The wild service tree has a similar range to that of the whitebeam, though it docs not extend as far north and east. It requires a mild climate and thus is found in hilly country only up to 500 metres. Ideal conditions are provided by limestone soils and sun-facing slopes, though in Britain it is often found on clay soils.
The wild service tree reaches a height of 20 to 25 metres and because it may live 200 to 300 years, one may come across the occasional, robust specimen with a vast broad crown. The bark is furrowed in squares, the buds are spherical, lustrous yellow-green. The leaves may take on red tints in autumn. The white flowers are borne in erect panicles 6 to 8 centimetres across. The brown fruits are edible following the first frost. The wild service tree has a heart-shaped root system with long lateral roots, and reproduces also by root suckers. The wood is heavy and very hard, and is used for woodcarvings and making rulers, gauges and instrument components. An ornamental tree, it is also suitable for planting alongside roads and in tree avenues.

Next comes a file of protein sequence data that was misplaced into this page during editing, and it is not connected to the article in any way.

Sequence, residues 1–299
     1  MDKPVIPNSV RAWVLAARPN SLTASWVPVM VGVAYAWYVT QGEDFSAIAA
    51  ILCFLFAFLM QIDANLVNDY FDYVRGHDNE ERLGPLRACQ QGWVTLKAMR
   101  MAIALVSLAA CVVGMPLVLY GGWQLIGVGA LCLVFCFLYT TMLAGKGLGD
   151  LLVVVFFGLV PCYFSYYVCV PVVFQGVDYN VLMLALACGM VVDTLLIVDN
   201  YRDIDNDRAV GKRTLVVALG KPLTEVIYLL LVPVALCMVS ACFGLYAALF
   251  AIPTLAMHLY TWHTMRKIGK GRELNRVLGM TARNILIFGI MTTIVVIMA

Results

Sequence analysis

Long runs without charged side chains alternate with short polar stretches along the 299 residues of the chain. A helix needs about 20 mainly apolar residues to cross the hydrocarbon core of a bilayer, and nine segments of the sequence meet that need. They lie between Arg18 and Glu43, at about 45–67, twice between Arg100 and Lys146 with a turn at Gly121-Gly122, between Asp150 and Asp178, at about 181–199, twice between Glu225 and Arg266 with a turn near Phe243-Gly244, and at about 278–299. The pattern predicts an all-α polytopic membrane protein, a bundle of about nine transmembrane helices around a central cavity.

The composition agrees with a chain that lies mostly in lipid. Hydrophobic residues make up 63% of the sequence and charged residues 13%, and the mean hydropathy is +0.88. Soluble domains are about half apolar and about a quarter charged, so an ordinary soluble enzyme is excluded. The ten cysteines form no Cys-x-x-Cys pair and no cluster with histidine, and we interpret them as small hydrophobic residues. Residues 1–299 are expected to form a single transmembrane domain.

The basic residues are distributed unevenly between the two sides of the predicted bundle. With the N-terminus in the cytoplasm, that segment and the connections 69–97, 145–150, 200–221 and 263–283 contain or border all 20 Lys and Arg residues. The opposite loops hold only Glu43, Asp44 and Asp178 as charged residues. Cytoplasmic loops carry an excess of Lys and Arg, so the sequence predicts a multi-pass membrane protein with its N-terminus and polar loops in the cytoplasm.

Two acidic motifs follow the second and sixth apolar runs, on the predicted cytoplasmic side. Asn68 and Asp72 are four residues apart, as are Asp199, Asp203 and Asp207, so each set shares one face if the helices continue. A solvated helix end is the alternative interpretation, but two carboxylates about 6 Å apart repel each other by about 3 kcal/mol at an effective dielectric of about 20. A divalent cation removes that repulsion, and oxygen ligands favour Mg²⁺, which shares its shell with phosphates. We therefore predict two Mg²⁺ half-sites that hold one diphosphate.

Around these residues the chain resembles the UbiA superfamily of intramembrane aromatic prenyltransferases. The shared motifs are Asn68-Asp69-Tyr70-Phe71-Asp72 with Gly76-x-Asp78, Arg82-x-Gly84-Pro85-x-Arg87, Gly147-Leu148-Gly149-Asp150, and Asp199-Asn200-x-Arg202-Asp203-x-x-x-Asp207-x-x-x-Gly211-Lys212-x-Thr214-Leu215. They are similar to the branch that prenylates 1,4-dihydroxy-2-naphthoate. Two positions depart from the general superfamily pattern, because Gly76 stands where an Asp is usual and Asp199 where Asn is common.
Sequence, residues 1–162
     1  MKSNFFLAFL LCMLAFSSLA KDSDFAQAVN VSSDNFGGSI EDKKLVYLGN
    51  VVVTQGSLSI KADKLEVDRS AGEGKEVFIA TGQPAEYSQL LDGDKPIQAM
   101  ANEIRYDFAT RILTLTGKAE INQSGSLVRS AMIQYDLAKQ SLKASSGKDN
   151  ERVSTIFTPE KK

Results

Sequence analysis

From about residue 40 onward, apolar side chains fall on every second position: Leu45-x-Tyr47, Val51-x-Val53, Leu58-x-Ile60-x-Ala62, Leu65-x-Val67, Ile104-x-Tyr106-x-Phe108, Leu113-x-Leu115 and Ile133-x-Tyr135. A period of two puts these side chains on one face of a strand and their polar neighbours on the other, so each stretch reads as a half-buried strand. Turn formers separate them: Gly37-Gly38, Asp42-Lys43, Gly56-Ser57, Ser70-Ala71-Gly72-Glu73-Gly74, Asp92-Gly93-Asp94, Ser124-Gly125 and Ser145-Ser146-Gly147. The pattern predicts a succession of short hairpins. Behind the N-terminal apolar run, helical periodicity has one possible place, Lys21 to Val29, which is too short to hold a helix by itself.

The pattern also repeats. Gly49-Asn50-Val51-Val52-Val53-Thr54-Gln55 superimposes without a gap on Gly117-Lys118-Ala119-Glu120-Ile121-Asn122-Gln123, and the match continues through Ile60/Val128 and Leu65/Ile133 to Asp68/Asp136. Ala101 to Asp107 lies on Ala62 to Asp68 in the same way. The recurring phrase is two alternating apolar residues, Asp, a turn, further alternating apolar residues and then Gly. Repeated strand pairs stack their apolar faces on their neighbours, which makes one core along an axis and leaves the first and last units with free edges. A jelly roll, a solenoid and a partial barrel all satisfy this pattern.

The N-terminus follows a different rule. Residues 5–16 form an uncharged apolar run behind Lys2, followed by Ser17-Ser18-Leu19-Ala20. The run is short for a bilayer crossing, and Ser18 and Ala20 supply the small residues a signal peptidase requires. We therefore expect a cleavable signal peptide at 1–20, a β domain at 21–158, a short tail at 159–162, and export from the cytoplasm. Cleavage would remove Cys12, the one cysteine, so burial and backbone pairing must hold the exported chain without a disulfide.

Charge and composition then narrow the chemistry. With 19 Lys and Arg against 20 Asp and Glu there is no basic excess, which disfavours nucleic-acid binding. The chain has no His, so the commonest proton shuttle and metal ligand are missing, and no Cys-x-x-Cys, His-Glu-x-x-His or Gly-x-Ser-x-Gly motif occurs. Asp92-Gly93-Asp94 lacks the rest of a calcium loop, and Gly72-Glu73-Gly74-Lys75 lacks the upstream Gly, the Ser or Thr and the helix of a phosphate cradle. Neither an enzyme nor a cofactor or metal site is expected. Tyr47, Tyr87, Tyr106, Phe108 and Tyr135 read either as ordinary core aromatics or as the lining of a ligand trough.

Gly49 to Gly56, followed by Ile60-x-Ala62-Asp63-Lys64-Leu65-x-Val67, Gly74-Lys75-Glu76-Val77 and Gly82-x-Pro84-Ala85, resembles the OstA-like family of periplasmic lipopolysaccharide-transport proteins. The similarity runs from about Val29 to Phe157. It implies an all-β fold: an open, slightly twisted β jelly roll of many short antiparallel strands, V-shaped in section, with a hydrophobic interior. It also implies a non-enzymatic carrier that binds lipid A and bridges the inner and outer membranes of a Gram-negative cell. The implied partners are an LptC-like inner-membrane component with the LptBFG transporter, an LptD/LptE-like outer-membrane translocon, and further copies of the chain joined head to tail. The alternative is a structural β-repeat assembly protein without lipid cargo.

In southern Europe it often hybridizes witli the whitebeam to produce the hybrid broad-leaved whitebeam (Sorbus latifolia Pers.)
Buds: Spherical, yellow-green. Leaves: 7—12 cm long, with 5 to 7 lobes, the basal pair growing out horizontally, and a serrate margin. Flowers: White. Fruit: Berry-like, brown, ovoid, 10—12 mm long, covered with small pale dots.